Optical amplifiers - a telecommunications revolution
At EPSRC ITeC '96: Engineering and Physical Sciences Research Council ITeC Conference, United Kingdom.
01 Oct 1996.
Full text not available from this repository.
The march of optics into telecommunications transmission: There is nothing new about optical communications. The 'beacon hills' all over the UK once communicated from London to Paris by visual signals. The use of electricity to develop telephone networks moved attention to that technology for a time. But optics is now capable of delivering far better performance at lower costs than coaxial cables. For instance, one fibre strand is capable of carrying at least 1500 digital TV channels while a bandwidth about as high as 3 TeraHertz (THz) might be available.
Traditionally, an optical communications system worked by sending a light from a source via an electrical modulator down a length of fibre. At the receiving end, the signal goes through a demultiplexor and out again to the next section of fibre via a repeater amplifier. Electronic amplifiers were needed about every 100km or so because of signal attenuation, and since these are slow, the full potential of the 3THz can't be exploited.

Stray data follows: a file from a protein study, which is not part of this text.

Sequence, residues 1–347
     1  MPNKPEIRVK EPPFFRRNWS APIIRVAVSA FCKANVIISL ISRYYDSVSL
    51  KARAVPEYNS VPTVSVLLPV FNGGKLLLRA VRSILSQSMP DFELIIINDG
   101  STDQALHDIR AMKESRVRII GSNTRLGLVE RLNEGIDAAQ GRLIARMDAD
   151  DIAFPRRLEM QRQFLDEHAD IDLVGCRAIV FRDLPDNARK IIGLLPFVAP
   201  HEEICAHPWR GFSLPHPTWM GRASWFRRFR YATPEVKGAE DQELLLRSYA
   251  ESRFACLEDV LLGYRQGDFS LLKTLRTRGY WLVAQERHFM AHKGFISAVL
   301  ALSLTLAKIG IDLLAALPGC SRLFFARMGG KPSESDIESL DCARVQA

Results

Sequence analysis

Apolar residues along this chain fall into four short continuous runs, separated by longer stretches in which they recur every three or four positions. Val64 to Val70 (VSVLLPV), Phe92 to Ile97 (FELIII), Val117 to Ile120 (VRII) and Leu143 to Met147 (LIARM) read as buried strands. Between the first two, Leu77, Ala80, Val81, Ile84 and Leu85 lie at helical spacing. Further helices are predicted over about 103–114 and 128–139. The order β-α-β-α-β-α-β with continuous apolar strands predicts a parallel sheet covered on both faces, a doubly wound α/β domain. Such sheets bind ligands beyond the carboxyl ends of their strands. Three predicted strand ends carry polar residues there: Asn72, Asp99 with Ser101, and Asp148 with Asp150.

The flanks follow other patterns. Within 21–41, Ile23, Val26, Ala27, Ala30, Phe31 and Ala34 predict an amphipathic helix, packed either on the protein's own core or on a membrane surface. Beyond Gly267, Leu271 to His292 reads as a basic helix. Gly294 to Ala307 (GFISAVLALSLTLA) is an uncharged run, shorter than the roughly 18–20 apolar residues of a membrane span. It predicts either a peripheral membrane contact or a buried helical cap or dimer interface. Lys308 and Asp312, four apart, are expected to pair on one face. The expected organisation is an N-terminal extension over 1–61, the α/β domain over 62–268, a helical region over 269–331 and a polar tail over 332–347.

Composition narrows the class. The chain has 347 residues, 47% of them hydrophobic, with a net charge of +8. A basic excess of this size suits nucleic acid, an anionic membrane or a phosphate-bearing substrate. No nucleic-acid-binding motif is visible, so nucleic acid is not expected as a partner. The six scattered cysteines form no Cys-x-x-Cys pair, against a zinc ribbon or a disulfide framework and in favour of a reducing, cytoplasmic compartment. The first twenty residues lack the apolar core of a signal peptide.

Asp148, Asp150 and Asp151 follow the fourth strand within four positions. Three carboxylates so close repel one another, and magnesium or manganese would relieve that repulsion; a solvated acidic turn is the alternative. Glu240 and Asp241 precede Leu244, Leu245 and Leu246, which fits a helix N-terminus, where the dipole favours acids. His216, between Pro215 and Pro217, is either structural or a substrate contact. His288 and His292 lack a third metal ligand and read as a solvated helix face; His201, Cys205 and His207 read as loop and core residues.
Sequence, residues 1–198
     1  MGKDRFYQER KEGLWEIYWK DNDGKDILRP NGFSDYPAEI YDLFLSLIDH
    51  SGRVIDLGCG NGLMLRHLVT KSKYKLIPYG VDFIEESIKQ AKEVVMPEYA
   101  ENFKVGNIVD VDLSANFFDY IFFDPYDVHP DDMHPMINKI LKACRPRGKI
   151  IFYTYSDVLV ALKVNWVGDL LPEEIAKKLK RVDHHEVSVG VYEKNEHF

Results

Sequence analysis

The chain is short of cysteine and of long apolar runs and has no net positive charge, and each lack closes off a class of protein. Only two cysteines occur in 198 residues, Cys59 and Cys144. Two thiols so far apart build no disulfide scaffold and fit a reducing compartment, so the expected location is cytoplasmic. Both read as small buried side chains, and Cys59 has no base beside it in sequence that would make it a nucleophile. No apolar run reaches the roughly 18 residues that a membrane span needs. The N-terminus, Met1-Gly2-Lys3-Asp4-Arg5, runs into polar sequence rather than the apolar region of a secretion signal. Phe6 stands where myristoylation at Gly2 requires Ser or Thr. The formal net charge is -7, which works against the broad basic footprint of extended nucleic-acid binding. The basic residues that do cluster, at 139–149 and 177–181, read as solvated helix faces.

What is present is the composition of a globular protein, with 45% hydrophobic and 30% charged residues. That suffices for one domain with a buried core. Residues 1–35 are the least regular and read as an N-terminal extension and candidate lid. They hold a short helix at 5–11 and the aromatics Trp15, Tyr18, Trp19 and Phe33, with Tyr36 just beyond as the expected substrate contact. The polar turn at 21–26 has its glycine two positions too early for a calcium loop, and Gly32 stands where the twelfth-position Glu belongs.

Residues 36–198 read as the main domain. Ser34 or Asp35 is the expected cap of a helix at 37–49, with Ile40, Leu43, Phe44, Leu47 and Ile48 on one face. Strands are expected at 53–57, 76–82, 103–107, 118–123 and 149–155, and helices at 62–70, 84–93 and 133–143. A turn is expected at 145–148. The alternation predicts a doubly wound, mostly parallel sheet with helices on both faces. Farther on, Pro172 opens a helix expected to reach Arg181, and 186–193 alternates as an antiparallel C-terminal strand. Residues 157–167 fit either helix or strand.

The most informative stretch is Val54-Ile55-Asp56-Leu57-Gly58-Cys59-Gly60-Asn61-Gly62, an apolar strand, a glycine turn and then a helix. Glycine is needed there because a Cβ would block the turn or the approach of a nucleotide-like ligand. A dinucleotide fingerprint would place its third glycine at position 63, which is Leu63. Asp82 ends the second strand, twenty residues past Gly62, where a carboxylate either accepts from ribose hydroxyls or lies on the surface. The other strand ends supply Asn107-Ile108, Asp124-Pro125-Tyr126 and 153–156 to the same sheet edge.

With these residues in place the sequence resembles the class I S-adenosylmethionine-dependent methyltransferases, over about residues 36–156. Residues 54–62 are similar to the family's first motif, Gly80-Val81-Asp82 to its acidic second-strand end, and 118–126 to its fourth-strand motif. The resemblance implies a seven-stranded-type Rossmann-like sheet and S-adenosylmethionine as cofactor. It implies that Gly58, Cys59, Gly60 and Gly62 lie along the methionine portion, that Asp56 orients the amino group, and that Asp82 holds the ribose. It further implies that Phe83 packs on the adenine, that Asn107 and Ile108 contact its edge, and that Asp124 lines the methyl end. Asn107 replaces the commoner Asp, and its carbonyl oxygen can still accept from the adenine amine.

All this changed in the mid-1980s with the appearance of optical-fibre amplifiers, such as the Erbium-Doped Fibre Amplifier (EDFA). These devices take input signals which may come from 10,000km away and perform enormous amplification, but without the reshaping and retiming of pulses as happened with electrical amplifiers. With the resultant 'optical transparency', any form of signal can go through a global network without cross-talk. This allows, for example, for analogue working in some channels and digital operations in others.
Signal dispersion remains a major problem on the global network. Dispersion first emerged as a major transmission issue with the laying of the first transatlantic cable in 1866, when dispersion caused such bad signal smearing that it was first thought the cable was broken. The problem was eventually solved by using coil equalisers along the cable's length.